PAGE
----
Securities Crowdfunding: A Quick Guide on Performing Platform Due Diligence
Every few weeks, you hear stories about a campaign funded by a crowd of Internet users through sites such as Indiegogo or Kickstarter. Sometimes it's a fundraiser for a fandom-backed, small budget movie like Veronica Mars. Other times, it's something quirky, like a recent campaign for $10 so the fundraiser could make potato salad that ended up raising more than $50,000. There are even crowd campaigns for charitable organizations and individual health care expenses.
Until recently, the crowdfunding industry was reliant on a rewards- or donation-based model, as Securities & Exchange Commission rules against general solicitation prohibited equity offerings on the sites. However, changes to the SEC rules pursuant to the JOBS Act now allow for the offering of securities through crowdfunding platforms. The advent of securities offerings in the crowdfunding realm has numerous potential benefits to both investors and those seeking capital, as indicated by the rapid growth in successful fundraisers of this kind.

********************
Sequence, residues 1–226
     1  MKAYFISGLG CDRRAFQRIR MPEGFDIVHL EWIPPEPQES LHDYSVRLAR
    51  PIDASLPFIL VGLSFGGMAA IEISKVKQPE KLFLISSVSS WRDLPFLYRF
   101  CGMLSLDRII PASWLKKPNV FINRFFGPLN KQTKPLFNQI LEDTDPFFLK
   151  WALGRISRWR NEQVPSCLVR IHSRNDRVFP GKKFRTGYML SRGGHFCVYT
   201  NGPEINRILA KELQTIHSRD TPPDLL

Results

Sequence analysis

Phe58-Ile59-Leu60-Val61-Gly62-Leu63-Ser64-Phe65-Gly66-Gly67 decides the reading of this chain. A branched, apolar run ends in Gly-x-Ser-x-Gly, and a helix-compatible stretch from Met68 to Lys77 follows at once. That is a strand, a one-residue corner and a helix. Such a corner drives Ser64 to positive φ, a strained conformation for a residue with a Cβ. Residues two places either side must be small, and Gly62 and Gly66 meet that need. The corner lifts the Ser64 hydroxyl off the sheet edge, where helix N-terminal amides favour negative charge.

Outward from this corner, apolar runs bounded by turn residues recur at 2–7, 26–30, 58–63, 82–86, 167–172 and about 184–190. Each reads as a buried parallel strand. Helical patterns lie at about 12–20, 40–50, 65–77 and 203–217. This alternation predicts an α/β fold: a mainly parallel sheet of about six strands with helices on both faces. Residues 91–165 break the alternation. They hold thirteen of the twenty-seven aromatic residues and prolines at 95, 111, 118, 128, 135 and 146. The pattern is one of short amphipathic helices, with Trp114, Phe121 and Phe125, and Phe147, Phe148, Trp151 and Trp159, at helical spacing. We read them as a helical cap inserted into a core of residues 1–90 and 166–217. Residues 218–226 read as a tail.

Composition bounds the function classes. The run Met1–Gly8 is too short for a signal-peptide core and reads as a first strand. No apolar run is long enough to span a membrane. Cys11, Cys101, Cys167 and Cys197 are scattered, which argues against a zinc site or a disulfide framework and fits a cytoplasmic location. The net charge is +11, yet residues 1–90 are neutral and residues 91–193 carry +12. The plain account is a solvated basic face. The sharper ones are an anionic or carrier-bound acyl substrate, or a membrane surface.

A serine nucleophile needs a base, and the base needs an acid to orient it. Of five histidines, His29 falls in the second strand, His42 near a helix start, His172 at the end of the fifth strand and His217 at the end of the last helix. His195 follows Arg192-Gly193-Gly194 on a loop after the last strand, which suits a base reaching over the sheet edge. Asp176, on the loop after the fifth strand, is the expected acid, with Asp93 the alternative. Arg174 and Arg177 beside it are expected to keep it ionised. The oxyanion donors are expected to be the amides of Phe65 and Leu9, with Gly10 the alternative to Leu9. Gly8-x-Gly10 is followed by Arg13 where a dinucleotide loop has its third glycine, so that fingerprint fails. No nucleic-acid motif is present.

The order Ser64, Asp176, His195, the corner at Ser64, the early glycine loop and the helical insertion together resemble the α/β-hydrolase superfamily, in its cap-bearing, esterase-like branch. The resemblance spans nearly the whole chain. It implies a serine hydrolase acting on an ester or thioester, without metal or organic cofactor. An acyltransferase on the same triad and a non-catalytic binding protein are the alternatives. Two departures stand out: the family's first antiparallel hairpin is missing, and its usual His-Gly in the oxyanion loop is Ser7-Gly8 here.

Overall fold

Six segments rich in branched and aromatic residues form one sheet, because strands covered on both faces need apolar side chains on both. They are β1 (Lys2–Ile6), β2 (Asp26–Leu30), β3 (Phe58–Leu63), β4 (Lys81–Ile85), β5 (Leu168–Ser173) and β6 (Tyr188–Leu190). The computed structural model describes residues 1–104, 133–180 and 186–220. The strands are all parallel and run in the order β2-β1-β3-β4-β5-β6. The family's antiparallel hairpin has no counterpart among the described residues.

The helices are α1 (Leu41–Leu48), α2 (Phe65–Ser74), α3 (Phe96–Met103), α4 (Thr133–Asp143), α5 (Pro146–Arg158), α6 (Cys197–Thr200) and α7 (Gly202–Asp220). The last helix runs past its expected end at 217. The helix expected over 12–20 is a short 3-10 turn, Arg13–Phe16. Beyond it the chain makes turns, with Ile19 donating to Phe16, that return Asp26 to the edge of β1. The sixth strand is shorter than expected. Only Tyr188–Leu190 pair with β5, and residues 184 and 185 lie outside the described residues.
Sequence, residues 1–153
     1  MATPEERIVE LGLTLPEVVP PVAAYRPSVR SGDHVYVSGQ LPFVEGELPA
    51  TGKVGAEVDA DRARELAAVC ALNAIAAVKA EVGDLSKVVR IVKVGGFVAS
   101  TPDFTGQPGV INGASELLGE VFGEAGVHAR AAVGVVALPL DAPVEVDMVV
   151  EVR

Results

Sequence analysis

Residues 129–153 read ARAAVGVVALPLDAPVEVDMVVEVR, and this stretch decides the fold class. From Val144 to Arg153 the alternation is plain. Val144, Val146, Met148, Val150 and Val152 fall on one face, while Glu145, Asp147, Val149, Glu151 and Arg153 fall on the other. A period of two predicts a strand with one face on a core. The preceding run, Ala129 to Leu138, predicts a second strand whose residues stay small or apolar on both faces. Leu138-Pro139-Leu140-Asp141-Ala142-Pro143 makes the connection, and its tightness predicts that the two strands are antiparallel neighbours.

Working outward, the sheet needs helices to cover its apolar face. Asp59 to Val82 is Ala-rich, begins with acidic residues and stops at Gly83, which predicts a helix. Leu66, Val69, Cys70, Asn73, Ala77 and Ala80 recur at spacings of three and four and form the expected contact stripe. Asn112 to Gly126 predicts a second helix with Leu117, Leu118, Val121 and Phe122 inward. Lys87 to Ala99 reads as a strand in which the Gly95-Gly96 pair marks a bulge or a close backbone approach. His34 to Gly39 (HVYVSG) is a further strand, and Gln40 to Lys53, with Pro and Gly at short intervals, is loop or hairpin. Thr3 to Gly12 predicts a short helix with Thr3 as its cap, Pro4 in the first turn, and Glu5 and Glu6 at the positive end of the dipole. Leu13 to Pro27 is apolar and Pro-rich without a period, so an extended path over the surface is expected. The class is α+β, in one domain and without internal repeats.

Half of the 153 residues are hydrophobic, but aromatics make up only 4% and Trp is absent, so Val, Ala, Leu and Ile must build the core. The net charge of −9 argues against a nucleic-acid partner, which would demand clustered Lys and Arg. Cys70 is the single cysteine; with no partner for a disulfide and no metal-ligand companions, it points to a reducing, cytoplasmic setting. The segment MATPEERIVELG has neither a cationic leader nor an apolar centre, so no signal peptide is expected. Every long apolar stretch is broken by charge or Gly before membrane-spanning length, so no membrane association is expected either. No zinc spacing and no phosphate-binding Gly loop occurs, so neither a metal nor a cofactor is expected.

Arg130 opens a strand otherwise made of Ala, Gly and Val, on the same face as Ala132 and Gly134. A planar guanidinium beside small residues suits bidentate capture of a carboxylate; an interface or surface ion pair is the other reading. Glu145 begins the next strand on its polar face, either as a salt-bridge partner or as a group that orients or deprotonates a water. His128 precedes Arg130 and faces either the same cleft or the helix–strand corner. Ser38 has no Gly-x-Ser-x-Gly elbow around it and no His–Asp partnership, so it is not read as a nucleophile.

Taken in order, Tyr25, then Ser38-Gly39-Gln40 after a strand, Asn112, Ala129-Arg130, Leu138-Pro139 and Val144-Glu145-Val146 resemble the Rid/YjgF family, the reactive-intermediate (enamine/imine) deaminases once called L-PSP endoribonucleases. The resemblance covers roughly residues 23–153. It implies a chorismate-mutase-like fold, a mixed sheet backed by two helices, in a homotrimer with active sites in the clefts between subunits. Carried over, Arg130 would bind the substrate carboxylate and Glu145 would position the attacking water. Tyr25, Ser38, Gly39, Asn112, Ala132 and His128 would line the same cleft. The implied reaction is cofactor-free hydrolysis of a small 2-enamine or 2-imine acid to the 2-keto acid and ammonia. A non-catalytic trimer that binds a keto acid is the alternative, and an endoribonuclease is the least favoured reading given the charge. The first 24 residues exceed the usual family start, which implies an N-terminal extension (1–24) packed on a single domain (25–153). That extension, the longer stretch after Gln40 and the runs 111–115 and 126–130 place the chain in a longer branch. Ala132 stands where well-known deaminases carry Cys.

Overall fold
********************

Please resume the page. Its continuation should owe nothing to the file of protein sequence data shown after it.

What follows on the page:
However, traditional investors and businesses may be wary of using a mechanism that's more closely associated with the production of video games and small tech gadgets than with raising capital.